Post Treatment FAQs

When will I see results?
Usually plants begin to show signs of weakness or die within two weeks. Signs include discoloration, elongating or wilting. Filamentous algae often turns pale yellow or whitish within three to four days. Planktonic algae disappears in 24 to 48 hours. Dead plants with tough stems and sturdy root systems may remain standing until wind or waves break them up.

What happens to the dead plant material?
Decaying plants and algae usually sink to the bottom after they die. Occasionally, however, plants with weak stems may break loose and float temporarily. Microscopic organisms in the water break down (decompose) plant materials leaving a fine residue od silt which settles to the bottom.

Will my water quality change?
When large masses of vegetation decay, recycling of the plant materials occur. Some nutrients end up in sediment while others enter the water column. Some temporary decrease in dissolved oxygen levels may occur.

How long will control last?
Many weed species can be controlled for an entire season with a properly timed, single treatment. Herbicides do not kill seeds and some do not get into root systems. This can result in a regrowth of plants requiring touch-up later in the season. Algae will generally require treatments three to six weeks apart during the season because of their ability to reproduce rapidly.

Will I have fewer plants next year?
Once well-established, nuisance aquatic plants will typically continue to be a problem each year. Some reduction in weed beds may occur the following year if treatments were made before seed production. A change in dominant species or plant abundance is more likely to occur due to environmental factors such as water clarity, nutrient concentrations and weather factors. Different herbicides may be required.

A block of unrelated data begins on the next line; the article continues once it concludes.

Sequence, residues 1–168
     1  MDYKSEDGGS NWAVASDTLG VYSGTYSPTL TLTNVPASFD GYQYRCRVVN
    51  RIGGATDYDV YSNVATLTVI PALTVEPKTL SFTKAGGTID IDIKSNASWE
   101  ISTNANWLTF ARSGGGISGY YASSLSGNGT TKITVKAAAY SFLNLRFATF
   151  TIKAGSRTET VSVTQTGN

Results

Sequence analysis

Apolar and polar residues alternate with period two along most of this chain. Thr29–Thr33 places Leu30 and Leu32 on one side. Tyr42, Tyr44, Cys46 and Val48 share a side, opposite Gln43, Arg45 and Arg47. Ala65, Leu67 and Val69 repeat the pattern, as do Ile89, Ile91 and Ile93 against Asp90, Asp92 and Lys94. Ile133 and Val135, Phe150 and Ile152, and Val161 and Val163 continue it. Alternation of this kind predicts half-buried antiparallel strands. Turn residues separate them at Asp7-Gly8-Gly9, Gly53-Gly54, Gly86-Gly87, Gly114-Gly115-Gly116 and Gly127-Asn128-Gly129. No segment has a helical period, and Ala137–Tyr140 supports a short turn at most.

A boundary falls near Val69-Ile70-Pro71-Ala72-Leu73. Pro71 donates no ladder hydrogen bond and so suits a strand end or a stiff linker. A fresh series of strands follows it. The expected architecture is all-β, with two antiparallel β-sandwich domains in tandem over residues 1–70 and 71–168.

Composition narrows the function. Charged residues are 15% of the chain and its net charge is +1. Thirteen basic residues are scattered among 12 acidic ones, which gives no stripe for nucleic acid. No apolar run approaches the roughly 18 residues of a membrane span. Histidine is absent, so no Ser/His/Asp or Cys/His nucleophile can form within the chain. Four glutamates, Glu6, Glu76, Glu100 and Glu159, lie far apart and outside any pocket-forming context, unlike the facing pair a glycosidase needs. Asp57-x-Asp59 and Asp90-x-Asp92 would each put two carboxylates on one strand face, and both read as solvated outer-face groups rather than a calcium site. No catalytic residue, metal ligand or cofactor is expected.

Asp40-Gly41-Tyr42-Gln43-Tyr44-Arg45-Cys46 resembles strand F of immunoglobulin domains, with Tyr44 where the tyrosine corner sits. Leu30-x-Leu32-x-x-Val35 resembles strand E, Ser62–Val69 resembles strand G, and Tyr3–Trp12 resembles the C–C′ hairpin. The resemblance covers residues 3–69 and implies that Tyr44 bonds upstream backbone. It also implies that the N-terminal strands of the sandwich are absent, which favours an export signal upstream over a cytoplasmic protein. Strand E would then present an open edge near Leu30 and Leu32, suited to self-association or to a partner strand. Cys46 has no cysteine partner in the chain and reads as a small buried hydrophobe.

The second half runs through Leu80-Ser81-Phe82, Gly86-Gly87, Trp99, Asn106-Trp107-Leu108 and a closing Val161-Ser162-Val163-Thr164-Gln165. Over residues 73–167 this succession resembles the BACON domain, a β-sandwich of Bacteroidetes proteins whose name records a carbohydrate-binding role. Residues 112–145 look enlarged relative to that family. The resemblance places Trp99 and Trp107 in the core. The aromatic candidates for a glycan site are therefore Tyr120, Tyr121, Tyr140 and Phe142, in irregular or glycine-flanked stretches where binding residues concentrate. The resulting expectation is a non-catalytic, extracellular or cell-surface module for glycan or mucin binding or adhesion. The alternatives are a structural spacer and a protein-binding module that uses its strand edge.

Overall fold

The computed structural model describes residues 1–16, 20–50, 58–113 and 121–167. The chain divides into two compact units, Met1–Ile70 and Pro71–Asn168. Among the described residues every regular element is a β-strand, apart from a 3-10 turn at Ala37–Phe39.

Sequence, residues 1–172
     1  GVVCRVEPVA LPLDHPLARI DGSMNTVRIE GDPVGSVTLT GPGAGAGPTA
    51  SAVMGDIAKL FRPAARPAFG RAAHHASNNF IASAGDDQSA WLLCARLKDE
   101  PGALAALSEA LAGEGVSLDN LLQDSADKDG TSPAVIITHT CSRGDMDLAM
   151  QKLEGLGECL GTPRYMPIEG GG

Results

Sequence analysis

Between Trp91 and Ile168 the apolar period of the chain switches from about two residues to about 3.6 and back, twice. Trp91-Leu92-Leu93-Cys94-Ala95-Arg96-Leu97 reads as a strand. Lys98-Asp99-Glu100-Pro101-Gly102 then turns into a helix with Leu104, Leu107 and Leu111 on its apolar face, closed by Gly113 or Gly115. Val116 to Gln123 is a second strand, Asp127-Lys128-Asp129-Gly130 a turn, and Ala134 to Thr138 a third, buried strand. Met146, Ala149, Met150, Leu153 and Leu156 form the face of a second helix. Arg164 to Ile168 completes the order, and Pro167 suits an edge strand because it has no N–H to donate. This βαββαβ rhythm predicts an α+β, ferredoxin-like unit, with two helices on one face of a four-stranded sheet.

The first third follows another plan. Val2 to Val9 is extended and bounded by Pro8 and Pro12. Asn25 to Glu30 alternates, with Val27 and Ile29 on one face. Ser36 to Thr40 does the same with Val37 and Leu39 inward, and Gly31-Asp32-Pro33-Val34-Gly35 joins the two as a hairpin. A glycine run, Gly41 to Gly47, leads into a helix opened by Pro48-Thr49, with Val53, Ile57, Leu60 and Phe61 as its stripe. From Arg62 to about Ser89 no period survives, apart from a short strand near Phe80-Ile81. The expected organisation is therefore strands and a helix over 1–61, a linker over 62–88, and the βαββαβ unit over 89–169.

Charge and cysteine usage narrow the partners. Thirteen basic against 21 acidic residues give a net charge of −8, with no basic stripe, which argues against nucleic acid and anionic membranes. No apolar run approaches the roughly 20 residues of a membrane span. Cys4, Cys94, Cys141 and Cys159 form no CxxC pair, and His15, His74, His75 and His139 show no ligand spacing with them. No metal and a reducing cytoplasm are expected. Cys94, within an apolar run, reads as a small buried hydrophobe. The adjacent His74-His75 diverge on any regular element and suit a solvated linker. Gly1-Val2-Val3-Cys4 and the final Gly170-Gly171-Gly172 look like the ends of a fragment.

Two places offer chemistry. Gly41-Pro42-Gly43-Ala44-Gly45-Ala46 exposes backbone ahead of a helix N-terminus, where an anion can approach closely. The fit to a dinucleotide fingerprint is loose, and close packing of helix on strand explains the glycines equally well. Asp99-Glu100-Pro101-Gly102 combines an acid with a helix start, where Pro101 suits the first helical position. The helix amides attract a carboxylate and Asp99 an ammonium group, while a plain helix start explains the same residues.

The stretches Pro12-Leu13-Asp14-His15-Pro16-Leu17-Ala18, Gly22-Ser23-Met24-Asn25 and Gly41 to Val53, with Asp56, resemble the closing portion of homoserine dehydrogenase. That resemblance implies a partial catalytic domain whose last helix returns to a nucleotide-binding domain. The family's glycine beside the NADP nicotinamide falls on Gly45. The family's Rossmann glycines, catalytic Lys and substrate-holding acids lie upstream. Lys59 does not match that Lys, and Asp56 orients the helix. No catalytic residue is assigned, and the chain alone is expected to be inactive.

Do resistant plants establish themselves?
There is some evidence that treating too often, year after year with the same chemicals, may result in the establishment of an unaffected species. This may require changing chemicals, dosage rates, using a combination of chemicals or employing a combination of techniques (aeration, nutrient deactivation, dilution, etc.)

What happens to the chemical that is put into the water?
Products recommended do not remain in the water in their original state for extended periods of time. Chemical and biological actions break down (biodegrade) these compounds into simpler, natural basic compounds. These are recycled within the environment. They do not build up as residues in fish or in the fisn food chain.

What are the common reasons for failure?
Occasional control failures can occur, usually due to one or more of the following reasons:

  • Not reading the product label and following directions.
  • Misidentification of the plant resulting in use of the wrong chemical.
  • Miscalculation of the treatment area resulting in the wrong dosage.
  • Adverse weather conditions (high winds, rain storms, etc.) during or immediately following treatment.
  • Water conditions (high turbidity, low temperatures, etc.) physically of chemically interfering with the herbicidal action.
  • Weed regrowth or appearance of new vegetation.
  • Improper timing or treatment – too early or too late.
  • Rapid water exchange causing chemical dilution.

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